It feels weird considering Parts 1 and 2 separately since The Way of the Househusband is a short with each episode only lasting 17-18 minutes and released in totality on Netflix. Watching the show in spurts was exactly how my husband and I treated the show as we sat down for dinner and queued up a few episodes at a time; this show was our go-to series for when we needed something lighthearted with a low time commitment.
The situation: a former major yakuza member lives his daily life as a househusband to his office worker wife. The comedy: Tatsu is an amazing homemaker who still applies his former vocabulary and logic to everyday tasks. Every time he opens his front door while preparing a meal it looks like some kind of gore movie with blood splatters covering his apron and a dripping knife still in hand. Whenever he makes a delivery around town, including his wife’s forgotten lunch box, he uses a metal briefcase like some kind of bomb or drug—of course cops are going to pull him over!
What really sells the comedy of these scenarios are how Tatsu interacts with the world around him. If he’s alone at home, often humor stems from how he talks to their pet cat, or how he justifies his logic to himself. When he goes out and speaks with others, we can see the confusion on their faces as they try to understand how his often violent language applies to the innocent actions at hand.
My favorite skits often center on Miku, his wife, and how the two of them navigate as a couple. While she can be thanked for “domesticating” Tatsu, she isn’t some soft, docile partner—she can also be obsessive (for her favorite anime), violent (in the kitchen), and a little clueless (her cooking is the stuff of nightmares). Their affection for one another radiates out from each scene and they’ve quickly become one of my favorite anime couples of all time.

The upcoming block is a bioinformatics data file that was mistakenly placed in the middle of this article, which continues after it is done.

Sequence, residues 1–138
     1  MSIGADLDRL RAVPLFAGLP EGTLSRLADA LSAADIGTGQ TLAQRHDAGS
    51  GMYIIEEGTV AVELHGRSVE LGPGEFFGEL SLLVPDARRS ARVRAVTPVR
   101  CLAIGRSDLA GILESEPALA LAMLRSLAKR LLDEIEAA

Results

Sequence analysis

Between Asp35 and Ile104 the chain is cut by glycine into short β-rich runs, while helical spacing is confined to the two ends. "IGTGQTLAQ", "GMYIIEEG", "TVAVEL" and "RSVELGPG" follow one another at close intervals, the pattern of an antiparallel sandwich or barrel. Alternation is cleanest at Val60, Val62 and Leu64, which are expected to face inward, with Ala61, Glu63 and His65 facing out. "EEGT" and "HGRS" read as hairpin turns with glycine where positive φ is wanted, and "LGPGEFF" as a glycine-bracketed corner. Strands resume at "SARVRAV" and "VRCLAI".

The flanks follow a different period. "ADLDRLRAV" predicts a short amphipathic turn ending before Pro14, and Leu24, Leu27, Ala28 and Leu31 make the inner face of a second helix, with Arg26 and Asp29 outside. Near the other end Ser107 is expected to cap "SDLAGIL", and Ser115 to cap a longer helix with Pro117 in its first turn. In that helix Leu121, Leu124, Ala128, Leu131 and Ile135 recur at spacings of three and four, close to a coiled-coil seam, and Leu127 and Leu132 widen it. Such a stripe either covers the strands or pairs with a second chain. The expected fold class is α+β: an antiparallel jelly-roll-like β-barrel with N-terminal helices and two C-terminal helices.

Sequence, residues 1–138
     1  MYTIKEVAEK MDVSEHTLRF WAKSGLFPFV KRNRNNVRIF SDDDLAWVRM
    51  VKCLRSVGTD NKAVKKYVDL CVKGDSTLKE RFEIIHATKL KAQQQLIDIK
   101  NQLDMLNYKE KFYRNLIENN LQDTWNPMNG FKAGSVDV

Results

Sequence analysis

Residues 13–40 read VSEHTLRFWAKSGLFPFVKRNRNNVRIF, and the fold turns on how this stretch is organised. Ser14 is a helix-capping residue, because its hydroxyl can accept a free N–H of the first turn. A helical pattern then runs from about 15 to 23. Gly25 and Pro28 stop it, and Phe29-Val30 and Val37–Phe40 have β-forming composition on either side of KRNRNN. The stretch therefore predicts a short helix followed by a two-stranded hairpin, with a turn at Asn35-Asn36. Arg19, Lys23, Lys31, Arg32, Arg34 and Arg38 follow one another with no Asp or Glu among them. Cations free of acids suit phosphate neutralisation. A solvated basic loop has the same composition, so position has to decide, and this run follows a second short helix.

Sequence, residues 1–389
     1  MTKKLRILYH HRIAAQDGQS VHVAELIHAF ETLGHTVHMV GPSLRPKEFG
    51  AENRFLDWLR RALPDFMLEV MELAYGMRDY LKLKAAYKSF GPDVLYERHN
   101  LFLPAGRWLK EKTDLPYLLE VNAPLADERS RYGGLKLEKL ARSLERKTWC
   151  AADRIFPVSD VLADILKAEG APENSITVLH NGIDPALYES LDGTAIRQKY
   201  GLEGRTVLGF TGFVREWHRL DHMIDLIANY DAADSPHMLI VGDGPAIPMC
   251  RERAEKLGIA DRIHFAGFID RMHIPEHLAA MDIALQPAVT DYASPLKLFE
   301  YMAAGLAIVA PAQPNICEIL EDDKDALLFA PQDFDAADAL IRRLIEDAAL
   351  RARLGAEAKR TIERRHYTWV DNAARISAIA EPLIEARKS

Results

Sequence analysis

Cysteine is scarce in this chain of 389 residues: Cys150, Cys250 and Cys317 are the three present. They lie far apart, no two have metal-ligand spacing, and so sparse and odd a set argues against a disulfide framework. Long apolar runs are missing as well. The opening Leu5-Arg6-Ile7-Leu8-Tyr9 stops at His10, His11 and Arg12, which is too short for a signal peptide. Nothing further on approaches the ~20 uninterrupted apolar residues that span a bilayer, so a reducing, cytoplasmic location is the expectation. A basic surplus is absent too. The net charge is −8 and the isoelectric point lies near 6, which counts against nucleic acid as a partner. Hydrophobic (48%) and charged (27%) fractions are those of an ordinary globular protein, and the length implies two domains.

The decision to release Househusband as a short series fits perfectly with the narrative style. This is a comedy comprised of many skits that admittedly share a common voice and repeat tropes related to Tatsu’s former life and expectations placed on homemakers. Despite the predictive formula, the short length of each scene and the quick pace we take prevents jokes from feeling too familiar and tired; I am legitimately laughing out loud in every single segment.
Some viewers may have also avoided this show for the art, which might look choppy with its heavy use of stills. I, however, find the flat canvas that moves with the dialogue fitting for the slapstick comedy. We get movement with the sharp voice acting the drives the energy of each scene. More complex animation would have diluted the strength of this comedy’s script, though I do admit I’m still curious what it would have looked and felt like as a more traditional animation. Would the jokes slap as hard? Would I have found their expressions just as comical? It’s hard to say, but I doubt it.
I’m honestly struggling with how to rate this show because while I do think it is one everyone should try, I know it won’t tick the boxes that so many seem to need in animation and story length. Perhaps Househusband also feels so personal to me because I myself am a housewife, so I can relate to a lot of his situations around cooking, cleaning, and maintaining a healthy relationship. I certainly pale in comparison to Tatsu, whose chef skills towards which I can only continue to aspire!
Rating: 1 dango
- 0 dango – average and forgettable.
- 1 dango – very good in its category.
- 2 dango – excellent show that is worth a try.
- 3 dango – exceptional show one must watch.